While the story of Hosea’s gracious love for Gomer is the story of God’s love for the wayward Israelites, it’s also the story of God’s love for you. You, too, choose the way of disobedience that leads inevitably toward suffering and exile. But as God did with Israel, he often uses the pain of exile to bring you to your senses and lead you back to him. Then, through God’s unfailing love, you can be restored and enjoy an intimate relationship with him.
Do you seek the acceptance of others when you make decisions? You’re not alone. Many men seek approval by often siding with the majority viewpoint. Unfortunately, in our world system, the majority viewpoint seldom gives God and his Word much consideration.
Caleb, however, was a man who saw things from God’s perspective and stood against the majority opinion. Do you remember his story? He was among the twelve spies who entered Canaan. Ten of these spies–a clear majority–believed that the Promised Land couldn’t be conquered. They came back with stories of impregnable walled cities defended by terrible giants. They told the people the task was hopeless, letting their fears and the majority opinion decide the course of action. But Caleb, along with Joshua, differed with the majority. Caleb agreed that Canaan was well fortified and the task formidable. But he also believed that even the greatest of enemies was no match for the mighty God of Israel. He urged the people to believe in God’s promises.
Sadly the people followed the majority opinion and refused to enter the Promised Land. It’s easy to focus on the obstacles in our own lives–all those things that make change seem impossible. But you and I can learn from Caleb. When the situation appeared hopeless, he knew that victory could come by seeking the God who promised victory. Caleb knew that self-worth isn’t found in the approval of other people, but only in the loving eyes of God.
Male friendship has been greatly distorted in our culture. As a result, many men don’t know how to be or how to make good friends. Can you relate? Sure, you may have some buddies. But I’m talking about something much deeper–I’m talking about a friend who knows you–really knows you. A friend who struggles alongside you, battles for you, and encourages you.
Consider the friendship, for example, of David and Jonathan. David was anointed King, which meant Jonathan, who was heir to the throne, would never claim his title. It would be similar to this: If your dad was the president of a huge corporation and you were serving as vice-president. But instead of taking your rightful position as president, the CEO chooses your friend instead. How could a friendship under these circumstances survive?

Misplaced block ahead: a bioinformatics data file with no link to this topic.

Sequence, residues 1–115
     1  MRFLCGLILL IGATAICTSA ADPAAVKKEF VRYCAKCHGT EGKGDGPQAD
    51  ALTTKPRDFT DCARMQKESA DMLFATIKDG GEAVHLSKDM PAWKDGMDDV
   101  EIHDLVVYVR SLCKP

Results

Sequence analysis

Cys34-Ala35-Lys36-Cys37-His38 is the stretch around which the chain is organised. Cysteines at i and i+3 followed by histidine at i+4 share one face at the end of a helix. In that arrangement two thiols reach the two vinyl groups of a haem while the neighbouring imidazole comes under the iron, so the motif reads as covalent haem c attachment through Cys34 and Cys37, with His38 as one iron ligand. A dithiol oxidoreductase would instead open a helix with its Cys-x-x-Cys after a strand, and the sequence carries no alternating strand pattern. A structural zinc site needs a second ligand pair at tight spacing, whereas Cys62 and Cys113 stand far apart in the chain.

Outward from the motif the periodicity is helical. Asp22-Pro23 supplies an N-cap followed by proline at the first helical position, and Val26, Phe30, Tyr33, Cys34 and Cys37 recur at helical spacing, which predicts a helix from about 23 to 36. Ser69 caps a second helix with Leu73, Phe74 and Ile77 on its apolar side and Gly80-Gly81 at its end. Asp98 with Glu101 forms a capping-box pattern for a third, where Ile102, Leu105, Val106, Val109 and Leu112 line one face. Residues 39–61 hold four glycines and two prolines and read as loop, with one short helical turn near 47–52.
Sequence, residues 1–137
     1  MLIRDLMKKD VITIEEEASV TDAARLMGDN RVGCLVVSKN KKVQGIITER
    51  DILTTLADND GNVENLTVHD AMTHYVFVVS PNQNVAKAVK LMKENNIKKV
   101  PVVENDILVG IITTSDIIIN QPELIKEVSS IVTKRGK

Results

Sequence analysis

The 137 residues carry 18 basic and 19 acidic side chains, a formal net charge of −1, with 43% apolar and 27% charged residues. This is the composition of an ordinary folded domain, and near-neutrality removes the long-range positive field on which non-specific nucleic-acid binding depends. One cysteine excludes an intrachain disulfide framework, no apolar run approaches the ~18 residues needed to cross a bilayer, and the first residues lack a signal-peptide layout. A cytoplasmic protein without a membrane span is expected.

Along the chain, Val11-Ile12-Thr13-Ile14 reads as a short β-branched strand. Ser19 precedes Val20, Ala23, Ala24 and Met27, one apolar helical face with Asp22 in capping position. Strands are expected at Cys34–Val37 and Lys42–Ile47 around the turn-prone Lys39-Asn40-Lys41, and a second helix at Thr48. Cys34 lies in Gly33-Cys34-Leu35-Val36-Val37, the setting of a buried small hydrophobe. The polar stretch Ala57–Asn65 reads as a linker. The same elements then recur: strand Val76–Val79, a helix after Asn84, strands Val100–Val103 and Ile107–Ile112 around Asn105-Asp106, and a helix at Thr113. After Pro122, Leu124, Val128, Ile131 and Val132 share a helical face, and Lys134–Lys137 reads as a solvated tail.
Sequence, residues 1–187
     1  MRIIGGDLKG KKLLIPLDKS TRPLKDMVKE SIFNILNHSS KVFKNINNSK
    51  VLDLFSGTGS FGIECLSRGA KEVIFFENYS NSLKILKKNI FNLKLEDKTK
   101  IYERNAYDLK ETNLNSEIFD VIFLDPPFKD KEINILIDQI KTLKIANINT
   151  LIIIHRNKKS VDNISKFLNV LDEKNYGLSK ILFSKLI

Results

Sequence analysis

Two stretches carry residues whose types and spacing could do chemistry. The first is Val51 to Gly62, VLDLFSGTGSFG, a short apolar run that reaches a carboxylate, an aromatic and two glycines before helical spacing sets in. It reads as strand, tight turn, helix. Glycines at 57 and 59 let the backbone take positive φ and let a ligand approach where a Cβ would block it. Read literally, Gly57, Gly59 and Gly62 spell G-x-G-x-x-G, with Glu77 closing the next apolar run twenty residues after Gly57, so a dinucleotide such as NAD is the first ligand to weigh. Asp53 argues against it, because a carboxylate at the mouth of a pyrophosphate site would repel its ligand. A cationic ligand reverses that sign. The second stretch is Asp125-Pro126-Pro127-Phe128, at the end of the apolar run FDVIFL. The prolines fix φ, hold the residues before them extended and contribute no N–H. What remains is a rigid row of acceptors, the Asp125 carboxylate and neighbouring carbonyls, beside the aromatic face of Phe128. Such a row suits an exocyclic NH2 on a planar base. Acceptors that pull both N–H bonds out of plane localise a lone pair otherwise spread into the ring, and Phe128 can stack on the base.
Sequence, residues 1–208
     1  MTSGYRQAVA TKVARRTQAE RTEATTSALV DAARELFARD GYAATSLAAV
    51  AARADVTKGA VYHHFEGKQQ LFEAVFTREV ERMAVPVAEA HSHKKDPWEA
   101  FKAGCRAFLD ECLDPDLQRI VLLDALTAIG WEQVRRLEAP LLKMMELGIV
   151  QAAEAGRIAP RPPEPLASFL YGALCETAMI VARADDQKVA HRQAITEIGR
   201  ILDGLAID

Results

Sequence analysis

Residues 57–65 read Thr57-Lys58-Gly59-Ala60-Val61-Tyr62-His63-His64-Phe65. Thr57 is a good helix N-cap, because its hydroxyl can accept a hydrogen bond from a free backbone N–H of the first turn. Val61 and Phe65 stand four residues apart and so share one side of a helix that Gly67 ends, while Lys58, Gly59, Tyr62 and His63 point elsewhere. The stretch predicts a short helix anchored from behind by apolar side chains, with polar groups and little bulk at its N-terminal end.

One reason is because both David and Jonathan counted each other better than themselves. There are few more graphic pictures of this than Jonathan’s surrender of his robe, his armor, and his position to David (1 Samuel 18:1-4). ‘You are going to be king of Israel,’ Jonathan tells David, ‘and I will be next to you’ (1 Samuel 23:17).
And even after Jonathan was slain in battle, David continued to honor Jonathan by caring for Jonathan’s son.
Do you have at least one relationship that approaches this level of love and care? It’s a costly commitment. The only thing more costly is not having such a friend.
Even men who don’t want to be like their fathers often turn out to be amazingly similar in their behaviors and personalities. Through the power of God and hard personal choices, however, it’s possible to break out of an ongoing spiral of sin and dysfunction.
Take Josiah, for example. Josiah was a young king who chose to stand against a virtual tidal wave of disobedience fostered by his grandfather Manasseh and his father, Amon. Breaking from this downward spiral was particularly difficult since Josiah had little knowledge to guide his actions. The Scriptures containing God’s laws had been lost for years. But when the high priest discovered the Book of the Law in the Temple, young Josiah immediately initiated spiritual renewal for himself and his people.
As a result, Josiah was able to break the cycle of sin that had captured Israel in its whirl. Josiah was not a perfect man but he was a true champion of spiritual renewal. He was committed to God and had the courage to pursue both personal and national renewal.
Josiah made the difficult choices necessary in order to ‘cut loose’ from the sins of the past and to build a new life for himself and the people of Judah. Are you like Josiah? Do you need to make a break from the past in order to build a new life for yourself? I hope you’ll seek the same powerful God who renewed Josiah.
Overconfidence is usually viewed as a negative personality trait. The story of Joseph in the Old Testament is a good example: his youthful boasting to his brothers got him in trouble. Based on a dream, he claimed that the others would someday bow down to him. This, coupled with his father’s favoritism, led to jealousy and broken family relationships. In the end, his brothers sold him into slavery, cutting him off from his family altogether.